Friday, 31 October 2014

Adeline, a Camp Sodom Survivor

I was making my way through the narrow alleyways dodging the electrical wires that snaked their way through the concrete houses and house front stalls that cling to the sides of the mountains above Port-au-Prince. The kids were yelling “Good Morning” and waving as I passed, the adults eyeing me with perhaps just a little suspicion.

I was on my way to meet Adeline Eliazard and her three children, Nadine Andrice (17), Ernst Andrice (15) and Jerry Andrice (13). With the help of World Vision International Haiti and funds from World Vision Australia, she and her children have been living in a 2 room concrete bunker type house (maybe 40m2) in this densely packed community since December last year. But the four years before that had been very different and very difficult.

On the 12th day of January 2010 a 7.0 magnitude earthquake that lasted about 35 seconds destroyed her home and all that she possessed. And due to a lack of access of care, Adeline’s husband died on January 13, 2010. It was a devastating time for her and her young children.  In the days before the quake, Adeline, despite a heart condition that required treatment, was just making ends meet. She sold cooking oils and made enough to keep her children in school, feed them, and together with her husband’s income they were able to afford the rent.

Following the quake Adeline and her kids, with 69 other families, moved onto a plot of land (about 400m2) bordering a ravine at the bottom of the mountain. She salvaged all she could from her home, not much, and with NGO handouts, set her self up in a tent/shack – this was going to be home for the next 4 years.

Their community was named Camp Sodom; I can imagine it being a horrible place to live. The day I visited the camp site which was now empty, it was hot, 45C; no trees, no shade, the ground is rough gravel and dirt – it is hot, very hot. Sometime time later, in the first year, an NGO built a toilet block but there were no other facilities at this camp. During the 4 years, Adeline’s sister helped her with some rice and beans every fortnight or so, but she had no other source of income and she couldn’t afford the fees to send her kids to school – the choice was food or school.

Sometime in 2013, the owner of the land decided he wanted his land back so, to encourage families to move away, he had the toilet block demolished. For almost a year, Adeline now laughs as she tells me the story, “we did the toilet in plastic bags, but not everyone was so thoughtful”. The owner also employed more direct methods to encourage the people to move.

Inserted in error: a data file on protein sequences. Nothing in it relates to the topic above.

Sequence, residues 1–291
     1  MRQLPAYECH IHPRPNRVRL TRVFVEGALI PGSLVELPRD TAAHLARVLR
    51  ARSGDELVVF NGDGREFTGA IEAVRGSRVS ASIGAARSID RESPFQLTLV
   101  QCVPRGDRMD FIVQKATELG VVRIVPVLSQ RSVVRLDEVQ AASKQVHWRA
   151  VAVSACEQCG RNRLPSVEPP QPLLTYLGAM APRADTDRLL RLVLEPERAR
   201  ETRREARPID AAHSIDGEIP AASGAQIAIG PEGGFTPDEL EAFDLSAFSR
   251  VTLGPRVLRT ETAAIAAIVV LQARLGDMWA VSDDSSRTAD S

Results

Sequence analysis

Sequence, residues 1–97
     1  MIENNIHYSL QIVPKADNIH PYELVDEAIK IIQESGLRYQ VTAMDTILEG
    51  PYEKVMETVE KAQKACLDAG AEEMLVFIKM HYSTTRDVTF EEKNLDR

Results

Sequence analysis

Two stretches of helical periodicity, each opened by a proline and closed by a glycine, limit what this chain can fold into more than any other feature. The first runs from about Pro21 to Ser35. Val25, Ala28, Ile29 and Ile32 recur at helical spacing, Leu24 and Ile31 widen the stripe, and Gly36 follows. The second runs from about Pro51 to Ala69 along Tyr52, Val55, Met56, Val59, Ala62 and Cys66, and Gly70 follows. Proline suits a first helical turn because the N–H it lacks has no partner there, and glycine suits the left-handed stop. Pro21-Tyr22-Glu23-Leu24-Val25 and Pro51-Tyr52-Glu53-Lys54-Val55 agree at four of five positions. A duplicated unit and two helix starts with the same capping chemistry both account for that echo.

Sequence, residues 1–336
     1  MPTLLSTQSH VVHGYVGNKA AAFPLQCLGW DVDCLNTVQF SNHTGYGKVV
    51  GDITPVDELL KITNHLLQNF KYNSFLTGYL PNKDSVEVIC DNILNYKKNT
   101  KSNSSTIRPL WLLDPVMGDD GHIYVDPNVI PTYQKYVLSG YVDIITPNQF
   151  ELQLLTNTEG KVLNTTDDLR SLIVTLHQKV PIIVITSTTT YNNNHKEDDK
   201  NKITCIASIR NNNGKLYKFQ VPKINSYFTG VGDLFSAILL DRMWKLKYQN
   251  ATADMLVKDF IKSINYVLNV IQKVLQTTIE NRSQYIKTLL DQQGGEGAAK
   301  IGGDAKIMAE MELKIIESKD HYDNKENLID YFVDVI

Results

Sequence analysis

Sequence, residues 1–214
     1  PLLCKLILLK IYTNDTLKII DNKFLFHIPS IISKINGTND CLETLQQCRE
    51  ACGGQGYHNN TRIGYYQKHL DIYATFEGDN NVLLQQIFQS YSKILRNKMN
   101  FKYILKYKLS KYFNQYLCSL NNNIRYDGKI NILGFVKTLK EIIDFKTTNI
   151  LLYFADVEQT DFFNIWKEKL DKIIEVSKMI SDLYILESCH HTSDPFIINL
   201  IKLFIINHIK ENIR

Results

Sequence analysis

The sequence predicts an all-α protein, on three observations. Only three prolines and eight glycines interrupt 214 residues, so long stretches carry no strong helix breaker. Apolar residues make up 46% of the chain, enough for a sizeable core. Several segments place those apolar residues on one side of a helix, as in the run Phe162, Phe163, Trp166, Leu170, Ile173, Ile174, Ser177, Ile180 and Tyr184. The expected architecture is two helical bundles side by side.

By the end of last year, Adeline was desperate and completely demoralized. She and her kids had lost so much weight that, as Adeline thinks back, “I looked like a stick. I prayed, God deliver us from this place, show me some hope, please God do something to help”.

That same month she saw some new faces in the camp. World Vision International Haiti, with the approval of the Mayor’s office had come to her camp to ‘transition’ people out, close the camp and return it to the owner. This was a government-sanctioned approach that all NGOs are using in Haiti that provides grants for families to find and rent an appropriate rental property for one year and to set themselves up in some kind of small business.

Adeline wasn’t quite sure what it meant, but for the first time in a long time she saw a glimmer of hope. “When I saw and heard Rolande and the World Vision team, I had hope that my children would be delivered and that we could get out of this place. It was the first time I had hope in a long time.”

Today, almost 12 months later, I am sitting with Adeline and her children in the curtained of front entry of her little concrete house on the mountain, looking down on the land that was her home for 4 years; she smiles lots, despite the tears in her eyes as she retells her story, she is happy and she laughs often.

She now has a small business making and selling peanut butter; she has enough income to enroll her children in the new year of school that starts next month and to buy food. Brand new, pressed uniforms hang wrapped in plastic on the wall waiting for the day that she never dared to imagine would come.

With her sisters help Adeline has managed to get medical help for her heart condition and she is doing ok. Her children are happy: Nadine Andrice is a beautiful young woman, shy at the moment with me in the room, but she has friends in the closely packed community; Ernst Andrice is also shy but he sits protectively close to his mum – he has a look of warning, ‘don’t mess with my Mum’ in his eyes; and Jerry Andrice swaggers into the room, braided long hair and a big confident eye-sparkling smile, he slaps my hand in a high five as he sits down next to me.